For My Dad Who Has Parkinson’s, Diwali Was the Darkest Night
This Diwali, my father did not gorge on mithai or watch me light diyas, writes Sangeeta Murthi Sahgal.
From mildly enthusiastic about Diwali to asking questions about it in less than 3 days. That’s how long it took Anna to kind-of get into the groove of things.
At 9.30 pm on Sunday night, when he is normally asleep, he calls to tell me that we haven’t bought Diwali gifts for the service staff. I assure him that I have already bought gifts. He asks if it is enough – should we give money, etc. And we go to and fro on that till he says “Ok-amma. I leave it to you.”
Yes, Anna, leave it to me!
Then on my Monday visit, he wants to know why he has been deprived of Diwali sweets. Deprive him! Could I even dare to deprive him of sweets? I tell him that Diwali is a couple of days away and that I will buy him mithai soon.
And finally, there are the crackers. Anna wants us to buy some crackers for “shastra” i.e. as a good omen. So I go buy some crackers even though the pollution levels are high and I don’t think we should. But shastra is shastra after all.
All of Diwali, My Father Gasped for Breath
Then on November 9, Anna has a bad throat, is disoriented, spends all night coughing and doesn’t sleep till 5 am in the morning. I think it is the effect of the pollution.
It gets worse on November 10. He sleeps only at 6 am after coughing again all night. The attendant is worried about the intensity and length of the spells and his ability to breathe.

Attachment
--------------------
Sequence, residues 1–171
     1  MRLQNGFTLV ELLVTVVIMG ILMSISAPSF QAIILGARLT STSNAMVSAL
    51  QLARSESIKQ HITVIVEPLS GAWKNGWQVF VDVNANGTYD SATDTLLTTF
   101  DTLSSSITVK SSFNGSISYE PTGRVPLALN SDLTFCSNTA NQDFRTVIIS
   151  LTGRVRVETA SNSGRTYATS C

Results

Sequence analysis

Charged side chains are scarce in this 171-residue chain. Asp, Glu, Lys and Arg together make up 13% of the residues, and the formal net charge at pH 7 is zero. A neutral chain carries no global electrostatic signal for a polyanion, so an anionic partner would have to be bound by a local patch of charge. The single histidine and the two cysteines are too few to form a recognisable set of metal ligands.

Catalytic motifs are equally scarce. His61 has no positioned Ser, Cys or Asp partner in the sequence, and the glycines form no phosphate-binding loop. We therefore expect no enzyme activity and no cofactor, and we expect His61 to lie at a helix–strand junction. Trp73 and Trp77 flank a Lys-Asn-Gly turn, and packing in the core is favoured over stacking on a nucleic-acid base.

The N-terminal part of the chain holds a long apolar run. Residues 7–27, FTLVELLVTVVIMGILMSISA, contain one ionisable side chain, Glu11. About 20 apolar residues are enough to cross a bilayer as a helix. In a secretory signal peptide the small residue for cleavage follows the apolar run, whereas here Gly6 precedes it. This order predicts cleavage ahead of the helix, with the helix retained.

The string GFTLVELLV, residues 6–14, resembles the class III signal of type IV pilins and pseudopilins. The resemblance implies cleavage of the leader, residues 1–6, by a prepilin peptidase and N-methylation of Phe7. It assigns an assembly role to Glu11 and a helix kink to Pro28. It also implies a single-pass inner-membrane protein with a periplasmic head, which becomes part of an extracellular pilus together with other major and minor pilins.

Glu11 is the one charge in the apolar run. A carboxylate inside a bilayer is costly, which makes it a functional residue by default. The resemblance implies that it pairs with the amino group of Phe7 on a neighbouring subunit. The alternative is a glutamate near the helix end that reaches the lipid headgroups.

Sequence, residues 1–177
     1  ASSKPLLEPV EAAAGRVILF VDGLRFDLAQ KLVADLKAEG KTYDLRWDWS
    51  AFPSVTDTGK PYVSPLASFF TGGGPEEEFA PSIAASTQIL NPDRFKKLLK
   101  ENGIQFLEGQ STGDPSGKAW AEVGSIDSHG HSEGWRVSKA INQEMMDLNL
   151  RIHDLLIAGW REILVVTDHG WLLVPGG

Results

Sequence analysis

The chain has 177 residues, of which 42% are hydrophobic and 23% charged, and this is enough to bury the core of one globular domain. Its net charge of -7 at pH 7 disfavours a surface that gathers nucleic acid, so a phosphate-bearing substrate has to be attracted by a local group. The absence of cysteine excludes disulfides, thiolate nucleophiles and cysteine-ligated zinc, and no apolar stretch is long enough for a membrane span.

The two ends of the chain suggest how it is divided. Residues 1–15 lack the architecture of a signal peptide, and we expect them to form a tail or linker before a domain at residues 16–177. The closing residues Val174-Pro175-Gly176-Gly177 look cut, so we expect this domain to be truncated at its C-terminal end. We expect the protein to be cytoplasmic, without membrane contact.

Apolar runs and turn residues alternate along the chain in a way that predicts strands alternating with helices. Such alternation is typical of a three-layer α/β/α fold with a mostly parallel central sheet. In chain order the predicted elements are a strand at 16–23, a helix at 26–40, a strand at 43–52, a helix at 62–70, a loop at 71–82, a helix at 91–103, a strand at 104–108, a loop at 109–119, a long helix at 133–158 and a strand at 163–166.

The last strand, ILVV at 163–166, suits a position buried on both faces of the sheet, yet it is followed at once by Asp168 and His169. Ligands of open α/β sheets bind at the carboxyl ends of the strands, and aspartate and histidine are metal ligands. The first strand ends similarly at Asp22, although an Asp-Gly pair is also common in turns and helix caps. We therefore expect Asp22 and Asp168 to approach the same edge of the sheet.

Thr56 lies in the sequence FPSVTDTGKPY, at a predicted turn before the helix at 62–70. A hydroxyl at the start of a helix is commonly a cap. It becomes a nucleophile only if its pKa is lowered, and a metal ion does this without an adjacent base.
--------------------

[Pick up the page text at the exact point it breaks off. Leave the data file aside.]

So on Diwali day, we are at the hospital at 9.30 am.
Anna is very mildly responsive, slurring, disoriented, and jerking his arms (something he does not do on his Parkinson’s medication).
It takes 5 hours to put him on a nebuliser, take a chest x-ray, run blood tests. There is no chest infection, no throat infection, no pneumonia.
Yet he is almost catatonic.
We bring him home with instructions to keep a close watch on him, give him steam inhalations and to bring him back to the hospital if he takes a turn for the worse.
He sleeps all afternoon.
No Real Diwali
In the evening when I go to light the diyas at his place, he is half-asleep but still ready to light the mandapa diyas and agarbatti. But alas, he is so weak he cannot strike the match hard enough against the matchbox to get it to fire up.
So I do that for him.
Eyes closed and with a weak smile he gives the staff their Diwali gifts. And then promptly falls asleep.
So no real Diwali for him.
No gorging on mithai. Given my father’s sweet tooth, telling him that he cannot eat mithai on Diwali is like telling James Bond that he has a license to kill but unfortunately must desist.
There is no watching me light diyas and candles.
No being wheeled around the colony to see houses lit up in colourful lights.
No enjoying the sight of anars and Vishnu chakras as they are lit up by his staff and neighbours and he watches in glee.
Diwali is a complete washout for him.
(After working in corporate India for over 29 years, Sangeeta has taken time off to look after her father, who was diagnosed with Parkinson’s Disease in 2008. Sangeeta hopes that these authentic stories will help patients and caregivers understand and appreciate the impact of Parkinson’s Disease. You can follow Sangeeta’s blog here.)
Related Links in the Series
How my Father, the Parkinson’s Patient, Aced the Spoken Word
The Story of How My Father Learned to Swim
From a Real Life Piku: Looking After an Elderly ‘Child’
Dealing with Dependence: A Daughter’s Tale of her Father
What Happened the First Time My Father Visited My Office
Forgetting the Taste of Muffins
How My Father Lost all Hope and Then Rediscovered Diwali
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